Canning Bridge IGA owner Greg Brindle’s efforts to overturn the approval of a $60 million Woolworths-anchored retail development in Mount Pleasant have been knocked back for a second time by the Supreme Court of Western Australia.
Canning Bridge IGA owner Greg Brindle’s efforts to overturn the approval of a $60 million Woolworths-anchored retail development in Mount Pleasant has been knocked back for a second time by the Supreme Court of Western Australia.
Mr Brindle, who owns and operates five IGA supermarkets in the Perth metropolitan area under the Brindle Group umbrella, launched an appeal against the project’s approval late last year, on the grounds that traffic congestion information provided in relation to the development was incorrect.
The appeal for review was dismissed by the Supreme Court, with Justice Gail Archer saying at the time that there was no evidence to suggest the City of Melville’s traffic assessment was incorrect.
In March, Mr Brindle sought a second judicial review over the metropolitan central joint development assessment panel’s approval of the shopping centre, on the grounds that an amendment to allow a liquor store to be built at the site should not have been allowed.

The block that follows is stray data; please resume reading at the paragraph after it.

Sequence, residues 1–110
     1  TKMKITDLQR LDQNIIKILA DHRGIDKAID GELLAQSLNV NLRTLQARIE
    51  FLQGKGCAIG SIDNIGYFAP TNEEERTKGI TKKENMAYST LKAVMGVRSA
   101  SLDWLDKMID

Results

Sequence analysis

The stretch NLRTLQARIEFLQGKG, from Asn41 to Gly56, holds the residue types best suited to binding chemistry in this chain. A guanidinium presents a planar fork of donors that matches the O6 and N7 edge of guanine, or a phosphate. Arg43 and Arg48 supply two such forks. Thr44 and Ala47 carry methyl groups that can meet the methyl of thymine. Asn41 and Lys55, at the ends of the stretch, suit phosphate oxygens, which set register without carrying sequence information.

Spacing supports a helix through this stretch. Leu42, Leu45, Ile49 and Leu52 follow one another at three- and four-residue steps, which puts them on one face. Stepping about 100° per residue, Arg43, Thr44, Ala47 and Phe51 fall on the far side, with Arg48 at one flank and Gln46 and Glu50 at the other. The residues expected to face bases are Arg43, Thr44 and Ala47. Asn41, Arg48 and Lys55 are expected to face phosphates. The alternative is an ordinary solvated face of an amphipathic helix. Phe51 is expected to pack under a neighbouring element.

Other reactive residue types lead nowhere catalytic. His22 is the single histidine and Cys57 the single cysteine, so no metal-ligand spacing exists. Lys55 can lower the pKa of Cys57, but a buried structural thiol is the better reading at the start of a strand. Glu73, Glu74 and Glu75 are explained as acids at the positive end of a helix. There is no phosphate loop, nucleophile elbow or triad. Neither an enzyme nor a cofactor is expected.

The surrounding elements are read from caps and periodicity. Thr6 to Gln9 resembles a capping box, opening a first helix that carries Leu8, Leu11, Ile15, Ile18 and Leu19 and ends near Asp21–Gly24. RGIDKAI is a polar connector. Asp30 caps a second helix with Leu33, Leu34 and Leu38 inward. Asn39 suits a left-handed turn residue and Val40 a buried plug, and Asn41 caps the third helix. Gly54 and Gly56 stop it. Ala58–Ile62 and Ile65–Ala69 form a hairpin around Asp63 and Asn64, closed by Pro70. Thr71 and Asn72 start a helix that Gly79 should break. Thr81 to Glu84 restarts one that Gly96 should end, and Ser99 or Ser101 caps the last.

Mr Brindle argued that the amendment was not minor, and the proposed liquor store was a substantial change to the approved development.
The centre’s developer, Woolworth’s property arm Fabcot Pty Ltd, argued that the change of use did not have the significance that Mr Brindle claimed, an assertion which Justice Archer supported.
“Turning a home into an art gallery may be a substantial change,” Justice Archer said in decision documents released by the Supreme Court.
“However, I do not accept that such a change in use will invariably substantially change the development approved.”
The application for review was dismissed, while construction of the project by ADCO Constructions is nearing completion.